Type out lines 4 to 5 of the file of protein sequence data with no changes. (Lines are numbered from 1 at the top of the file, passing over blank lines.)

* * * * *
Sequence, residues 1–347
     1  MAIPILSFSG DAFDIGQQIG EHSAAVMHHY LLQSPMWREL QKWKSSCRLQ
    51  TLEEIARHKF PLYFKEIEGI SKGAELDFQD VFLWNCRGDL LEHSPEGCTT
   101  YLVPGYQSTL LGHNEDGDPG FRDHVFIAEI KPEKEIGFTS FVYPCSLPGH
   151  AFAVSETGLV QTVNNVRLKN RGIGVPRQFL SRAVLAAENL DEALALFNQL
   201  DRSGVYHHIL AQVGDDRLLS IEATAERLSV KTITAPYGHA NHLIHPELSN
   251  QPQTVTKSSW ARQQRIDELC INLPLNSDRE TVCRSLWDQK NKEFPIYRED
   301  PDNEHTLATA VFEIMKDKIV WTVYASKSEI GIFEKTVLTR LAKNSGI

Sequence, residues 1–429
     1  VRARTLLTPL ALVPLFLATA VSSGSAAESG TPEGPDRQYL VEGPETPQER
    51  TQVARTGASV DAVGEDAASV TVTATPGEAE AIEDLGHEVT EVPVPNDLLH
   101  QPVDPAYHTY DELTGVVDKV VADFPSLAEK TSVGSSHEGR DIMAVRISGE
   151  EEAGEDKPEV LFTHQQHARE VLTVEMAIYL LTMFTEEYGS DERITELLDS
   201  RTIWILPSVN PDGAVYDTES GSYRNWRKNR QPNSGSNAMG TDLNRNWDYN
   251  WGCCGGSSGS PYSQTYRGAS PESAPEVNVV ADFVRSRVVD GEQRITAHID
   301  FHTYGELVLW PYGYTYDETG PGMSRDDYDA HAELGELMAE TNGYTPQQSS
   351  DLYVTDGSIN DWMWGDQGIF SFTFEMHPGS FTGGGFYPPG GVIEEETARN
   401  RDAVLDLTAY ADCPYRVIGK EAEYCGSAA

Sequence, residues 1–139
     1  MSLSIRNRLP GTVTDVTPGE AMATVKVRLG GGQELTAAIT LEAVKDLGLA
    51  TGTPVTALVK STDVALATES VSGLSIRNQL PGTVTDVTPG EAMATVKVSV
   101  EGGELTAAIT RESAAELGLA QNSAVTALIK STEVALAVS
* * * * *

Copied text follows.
   101  YLVPGYQSTL LGHNEDGDPG FRDHVFIAEI KPEKEIGFTS FVYPCSLPGH
   151  AFAVSETGLV QTVNNVRLKN RGIGVPRQFL SRAVLAAENL DEALALFNQL